This book took me ages to read.
It started slow. Very slow. Plus I hated the ending. I expected that after I’d made it through, there’d be some nice rewarding ending. But, nothing. You’re wondering why there’s a review then? There were lessons learned. A poignant, heartrending, educative story of the importance of family, friendships and relationships in general. This book shows that career can never be everything. It always leaves a large gaping void that can only be filled by actual people who know and love you. I’ve learned that you really cannot expect people to love you and pine over you forever because the truth is people move on; they really fall in love with other people and you’re no longer number one.
The book tells the story of Tully (Tallulah) and Kate (Kathleen), two girls who meet on their street (Firefly Lane) and begin a friendship which spans over three decades and the broken hearts of a few men. Tully is ambitious, vivacious, daring, domineering and a bit too imposing for my liking. She lives her life as a sort of call for attention to the mother who has always abandoned her. She is unable to really love anyone or completely be herself with anyone other than her friend Kate and her family. She enjoys having a family and feeling such love through Kate’s family. Of course, until she begins to want one of hers as well. Kate Mularkey is the docile, loving, meek and ever supportive friend of Tallulah Hart. She lives her live after Tully in Tully’s shadow in an almost infuriating manner and always apologizes even when Tully is wrong. Such friendship. She had me annoyed so many times with inability to stand up to her friend which led to so many grudges.
After all is said and done anyway, I liked the fact that she finally comes around to standing up to Tully and while Tully’s drive is somewhat admirable, this novel solidifies my idea that there has to be a balance between career and life, real living. Only your actual family can fully be yours. However, Tully and Kate worked out as friends because someone was always willing to compromise, apologize first, make sacrifices in general and this has taught me that while a relationship can only work when these three elements are involved, it would be nice if one person didn’t have to do all the sacrificing every single time. A major theme is also the struggles of motherhood and how it’s not always as joyful as it’s cracked up to be but how all those little things like a hug from your teenage daughter make it completely worthwhile. I appreciated my mother after reading this and of course felt sorry about how some of my thoughtless actions or words may have made her feel.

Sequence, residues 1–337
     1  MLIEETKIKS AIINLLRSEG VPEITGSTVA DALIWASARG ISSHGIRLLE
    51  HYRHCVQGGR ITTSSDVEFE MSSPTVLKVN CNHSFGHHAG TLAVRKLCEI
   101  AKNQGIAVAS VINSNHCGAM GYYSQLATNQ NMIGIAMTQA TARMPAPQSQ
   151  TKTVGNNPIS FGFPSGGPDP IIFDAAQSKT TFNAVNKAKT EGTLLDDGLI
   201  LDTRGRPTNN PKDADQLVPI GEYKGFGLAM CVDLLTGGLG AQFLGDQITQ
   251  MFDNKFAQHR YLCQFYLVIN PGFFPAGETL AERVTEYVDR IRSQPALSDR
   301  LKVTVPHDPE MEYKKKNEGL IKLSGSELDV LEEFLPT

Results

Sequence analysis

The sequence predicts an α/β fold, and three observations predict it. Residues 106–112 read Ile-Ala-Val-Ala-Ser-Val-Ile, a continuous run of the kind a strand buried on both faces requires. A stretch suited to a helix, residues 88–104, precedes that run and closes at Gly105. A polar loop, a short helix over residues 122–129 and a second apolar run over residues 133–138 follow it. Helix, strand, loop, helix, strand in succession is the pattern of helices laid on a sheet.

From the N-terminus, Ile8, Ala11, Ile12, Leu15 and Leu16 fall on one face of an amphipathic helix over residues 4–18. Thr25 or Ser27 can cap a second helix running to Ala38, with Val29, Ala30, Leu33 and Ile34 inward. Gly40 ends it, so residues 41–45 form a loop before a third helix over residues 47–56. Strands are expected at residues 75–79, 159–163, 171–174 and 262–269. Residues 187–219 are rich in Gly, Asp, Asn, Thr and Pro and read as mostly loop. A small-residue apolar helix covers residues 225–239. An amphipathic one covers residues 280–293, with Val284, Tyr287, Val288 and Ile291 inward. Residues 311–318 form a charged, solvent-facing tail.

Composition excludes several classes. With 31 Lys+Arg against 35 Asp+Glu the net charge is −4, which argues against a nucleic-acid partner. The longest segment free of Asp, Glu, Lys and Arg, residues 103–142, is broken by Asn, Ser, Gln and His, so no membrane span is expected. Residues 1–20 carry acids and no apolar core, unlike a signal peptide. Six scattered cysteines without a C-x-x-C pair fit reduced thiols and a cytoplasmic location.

A few quotes;
Sometimes being a good friend means saying nothing
Motherhood at times like this—most times—was about the steel in your spine, not the bend.
It’s never good to sit around and wait for someone or something to change your life.
One thing I can tell you for sure is this: we only regret what we don’t do in life.”
Thoughts—even fears—were airy things, formless until you made them solid with your voice, and once given that weight, they could crush you.
That was the thing about best friends. Like sisters and mothers, they could piss you off and make you cry and break your heart, but in the end, when the chips were down, they were there, making you laugh even in your darkest hours.
What good did it do to light the world on fire if she had to watch the glow alone?
She knew, too, that love didn’t evaporate. It faded, perhaps, lost it’s weight like bones left out in the sun, but it didn’t go away.
If you don’t mind a little sadness and some anger, then you should read this book. I’d give it four out of five stars.